The neural correlate of the polarity advantage effect in crowding
43.408, Monday, 19-May, 8:30 am - 12:30 pm, Banyan Breezeway
Ziyun Zhu1, Fang Fang1,2,3; 1Department of Psychology and Key Laboratory of Machine Perception (Ministry of Education), Peking University, Beijing 100871, China, 2Peking-Tsinghua Center for Life Sciences, Peking University, Beijing 100871, China, 3PKU-IDG/McGovern Institute for Brain Research, Peking University, Beijing 100871, China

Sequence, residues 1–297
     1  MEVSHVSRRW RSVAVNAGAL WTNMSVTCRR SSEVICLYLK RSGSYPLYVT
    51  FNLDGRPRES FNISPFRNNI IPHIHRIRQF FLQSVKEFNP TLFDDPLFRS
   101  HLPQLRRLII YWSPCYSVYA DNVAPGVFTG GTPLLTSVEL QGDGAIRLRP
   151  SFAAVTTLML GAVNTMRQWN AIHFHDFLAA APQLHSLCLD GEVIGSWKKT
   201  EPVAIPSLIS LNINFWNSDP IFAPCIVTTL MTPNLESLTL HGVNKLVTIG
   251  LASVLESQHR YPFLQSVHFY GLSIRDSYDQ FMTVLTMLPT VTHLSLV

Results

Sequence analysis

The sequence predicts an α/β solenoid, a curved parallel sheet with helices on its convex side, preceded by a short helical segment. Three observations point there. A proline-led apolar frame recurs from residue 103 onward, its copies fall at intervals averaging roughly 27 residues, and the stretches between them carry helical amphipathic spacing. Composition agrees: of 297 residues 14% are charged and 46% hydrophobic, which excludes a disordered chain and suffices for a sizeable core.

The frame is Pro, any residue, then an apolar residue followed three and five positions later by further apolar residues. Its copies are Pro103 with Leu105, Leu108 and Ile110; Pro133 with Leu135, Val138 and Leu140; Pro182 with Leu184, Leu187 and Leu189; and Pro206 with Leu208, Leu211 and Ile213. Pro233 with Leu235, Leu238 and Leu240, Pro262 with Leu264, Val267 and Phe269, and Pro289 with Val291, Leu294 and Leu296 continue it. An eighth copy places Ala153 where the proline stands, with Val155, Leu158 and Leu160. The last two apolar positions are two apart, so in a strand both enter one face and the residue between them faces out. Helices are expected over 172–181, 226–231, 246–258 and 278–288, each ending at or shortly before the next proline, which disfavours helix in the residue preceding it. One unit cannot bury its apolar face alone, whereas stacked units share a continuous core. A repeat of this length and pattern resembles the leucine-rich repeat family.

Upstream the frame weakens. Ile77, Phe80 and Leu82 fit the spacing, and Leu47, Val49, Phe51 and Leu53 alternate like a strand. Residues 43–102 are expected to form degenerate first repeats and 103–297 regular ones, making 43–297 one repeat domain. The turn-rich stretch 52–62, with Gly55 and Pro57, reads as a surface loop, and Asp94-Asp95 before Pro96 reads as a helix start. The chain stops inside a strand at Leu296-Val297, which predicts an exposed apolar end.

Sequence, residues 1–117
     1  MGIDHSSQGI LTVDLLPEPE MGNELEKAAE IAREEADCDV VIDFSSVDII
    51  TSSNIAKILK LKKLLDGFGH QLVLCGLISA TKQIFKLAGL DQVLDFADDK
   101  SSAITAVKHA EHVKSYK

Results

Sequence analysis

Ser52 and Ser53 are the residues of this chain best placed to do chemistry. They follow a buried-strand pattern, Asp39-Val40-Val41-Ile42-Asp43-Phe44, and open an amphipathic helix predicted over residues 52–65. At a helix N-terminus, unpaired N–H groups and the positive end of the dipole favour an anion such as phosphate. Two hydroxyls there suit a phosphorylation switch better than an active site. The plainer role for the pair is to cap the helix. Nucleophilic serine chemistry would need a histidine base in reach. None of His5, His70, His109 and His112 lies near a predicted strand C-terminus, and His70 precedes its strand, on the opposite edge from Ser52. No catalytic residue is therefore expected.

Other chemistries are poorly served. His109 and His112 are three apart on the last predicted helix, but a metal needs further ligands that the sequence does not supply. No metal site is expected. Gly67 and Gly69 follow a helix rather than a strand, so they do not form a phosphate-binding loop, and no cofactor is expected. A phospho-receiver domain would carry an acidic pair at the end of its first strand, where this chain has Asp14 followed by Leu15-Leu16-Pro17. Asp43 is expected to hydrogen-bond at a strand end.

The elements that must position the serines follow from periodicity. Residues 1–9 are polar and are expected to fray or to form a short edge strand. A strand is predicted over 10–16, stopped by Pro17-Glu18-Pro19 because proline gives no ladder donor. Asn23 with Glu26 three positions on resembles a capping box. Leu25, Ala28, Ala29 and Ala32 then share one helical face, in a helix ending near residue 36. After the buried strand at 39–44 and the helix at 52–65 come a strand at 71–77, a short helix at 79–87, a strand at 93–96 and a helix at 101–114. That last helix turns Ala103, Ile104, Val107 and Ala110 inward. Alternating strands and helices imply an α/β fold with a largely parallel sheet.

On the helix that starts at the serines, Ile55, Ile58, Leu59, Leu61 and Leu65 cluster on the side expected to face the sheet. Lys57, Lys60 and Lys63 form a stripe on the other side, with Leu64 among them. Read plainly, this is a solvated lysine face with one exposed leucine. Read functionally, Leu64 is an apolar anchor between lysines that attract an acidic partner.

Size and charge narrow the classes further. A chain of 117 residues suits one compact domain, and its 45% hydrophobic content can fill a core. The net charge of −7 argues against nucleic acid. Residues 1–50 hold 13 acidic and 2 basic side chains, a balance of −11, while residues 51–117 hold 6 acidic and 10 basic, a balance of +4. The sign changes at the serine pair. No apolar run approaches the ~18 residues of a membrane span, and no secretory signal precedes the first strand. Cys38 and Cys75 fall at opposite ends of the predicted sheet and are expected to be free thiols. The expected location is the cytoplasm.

If the target in a crowding display differs from the flankers in its contrast polarity, the extent of crowding is reduced compared to the condition where the target and flankers have the same polarity. This phenomenon is referred to as the polarity advantage effect. Here, we investigated its neural mechanisms using event-related potentials (ERPs). A target was centered at 8° eccentricity in the upper-left visual quadrant, either alone or with two adjacent flankers positioned radially. The target and flankers were a circular patch of a sine-wave grating and were presented in a uniform gray background. They were rendered in black or white. They could have the same or opposite polarities. Only in the same polarity condition, there was a significant crowding effect as manifested by orientation discrimination impairment with the target. We measured the earliest ERP component (C1) evoked by five stimulus configurations, including the target only, the target with the flankers of same polarity, the target with the flankers of opposite polarity, the flankers of same polarity only, and the flankers of opposite polarity only. The C1 had a peak latency of about 80 ms and is believed to be generated in early visual cortical areas (i.e. V1 and V2). We found that, the sum of the C1 amplitudes evoked by the target and the flankers was smaller than the C1 amplitude by the target with the flankers, suggesting a mutual cortical suppression between the target and flankers. Importantly, the suppression was significantly stronger when the target and flankers had the same polarity than when they had opposite polarities. We also found that the suppression depended on subjects spatial attention to the stimuli. These results suggest that the early cortical suppression enabled by spatial attention might contribute to the polarity advantage effect in crowding.